Fish in a barrel: Atlantic sturgeon (Acipenser oxyrinchus) from the Baltic Sea wreck of the royal Danish flagship Gribshunden (1495)

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Abstract

In 1495, the royal Danish ship Gribshunden sank in the Baltic Sea, near the town of Ronneby. During archaeological excavations in 2019, a wooden barrel submerged inside the shipwreck revealed the almost complete and well-preserved remains of a sturgeon fish. In this paper, we present the find in terms of species identification, estimation of number of individuals, size reconstruction and butchery marks. Results show that the remains most likely derive from one specimen of Atlantic sturgeon (Acipenser oxyrinchus). Species identification was made on morphological basis as well as ancient DNA analysis, using mitochondrial DNA for identification. Based on the location of chop marks, we argue that the sturgeon was chopped to larger pieces, before it was put in a wooden barrel and stored in the hold of Gribshunden. The high value of sturgeon during the late medieval period is key to understand its incidence on the royal flagship Gribshunden. The Danish King Hans was onboard the ship, on his way to Kalmar for a diplomatic summit to claim the Swedish throne. The ship carried valuable cargo, intended to impress the Swedish noblemen awaiting the king. The Gribshunden sturgeon is among the first examples derived from an underwater context, at least in the Baltic Sea. By the sheer quantity of the remains as well as its high contextual integrity, it is unique in a Scandinavian context.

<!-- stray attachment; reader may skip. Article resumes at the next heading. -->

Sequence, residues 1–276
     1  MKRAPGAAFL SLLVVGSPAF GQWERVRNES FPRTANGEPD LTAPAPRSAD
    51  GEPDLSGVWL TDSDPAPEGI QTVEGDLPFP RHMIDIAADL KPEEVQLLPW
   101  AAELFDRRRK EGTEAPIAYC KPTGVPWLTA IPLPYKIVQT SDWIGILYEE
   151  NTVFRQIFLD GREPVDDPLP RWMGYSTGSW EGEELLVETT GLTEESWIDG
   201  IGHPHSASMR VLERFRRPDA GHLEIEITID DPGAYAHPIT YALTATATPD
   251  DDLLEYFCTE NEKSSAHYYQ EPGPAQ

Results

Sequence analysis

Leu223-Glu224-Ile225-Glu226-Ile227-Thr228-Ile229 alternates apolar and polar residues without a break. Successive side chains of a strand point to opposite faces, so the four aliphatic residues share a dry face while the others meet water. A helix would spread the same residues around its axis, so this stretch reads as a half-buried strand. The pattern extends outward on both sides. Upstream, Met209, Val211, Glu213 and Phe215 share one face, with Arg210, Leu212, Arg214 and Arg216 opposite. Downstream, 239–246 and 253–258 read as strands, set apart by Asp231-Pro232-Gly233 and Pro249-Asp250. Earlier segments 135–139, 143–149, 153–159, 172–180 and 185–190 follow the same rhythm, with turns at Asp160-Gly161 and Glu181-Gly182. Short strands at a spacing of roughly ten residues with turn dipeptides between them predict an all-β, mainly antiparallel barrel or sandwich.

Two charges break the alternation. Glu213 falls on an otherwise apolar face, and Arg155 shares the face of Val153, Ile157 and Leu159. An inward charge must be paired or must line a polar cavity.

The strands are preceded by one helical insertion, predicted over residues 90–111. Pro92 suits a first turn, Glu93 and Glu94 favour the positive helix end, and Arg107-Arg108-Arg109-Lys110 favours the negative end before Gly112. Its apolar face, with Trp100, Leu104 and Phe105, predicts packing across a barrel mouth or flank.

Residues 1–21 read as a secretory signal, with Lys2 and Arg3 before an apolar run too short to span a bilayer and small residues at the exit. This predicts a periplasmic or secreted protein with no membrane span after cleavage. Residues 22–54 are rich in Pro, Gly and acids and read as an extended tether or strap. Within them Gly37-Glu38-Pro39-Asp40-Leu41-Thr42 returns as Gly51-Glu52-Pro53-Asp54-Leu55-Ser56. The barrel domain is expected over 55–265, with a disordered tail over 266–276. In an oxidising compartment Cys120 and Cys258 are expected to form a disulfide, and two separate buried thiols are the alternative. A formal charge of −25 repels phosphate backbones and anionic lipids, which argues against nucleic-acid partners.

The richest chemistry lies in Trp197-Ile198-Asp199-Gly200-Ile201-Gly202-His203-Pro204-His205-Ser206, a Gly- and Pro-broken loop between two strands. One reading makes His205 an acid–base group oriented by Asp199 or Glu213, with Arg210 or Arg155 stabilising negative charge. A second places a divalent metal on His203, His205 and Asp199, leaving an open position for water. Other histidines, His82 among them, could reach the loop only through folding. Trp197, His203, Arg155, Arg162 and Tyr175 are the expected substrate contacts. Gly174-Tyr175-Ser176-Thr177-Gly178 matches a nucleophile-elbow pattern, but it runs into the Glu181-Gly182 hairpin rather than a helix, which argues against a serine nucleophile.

Original languageEnglish
Article number102480
JournalJournal of Archaeological Science: Reports
Volume33
DOIs
Publication statusPublished - 2020

Subject classification (UKÄ)

  • Archaeology

Keywords

  • Acipenser
  • Ancient DNA
  • Baltic Sea
  • Gribshunden shipwreck
  • Late Medieval Scandinavia
  • Submerged archaeology
  • Zooarchaeology

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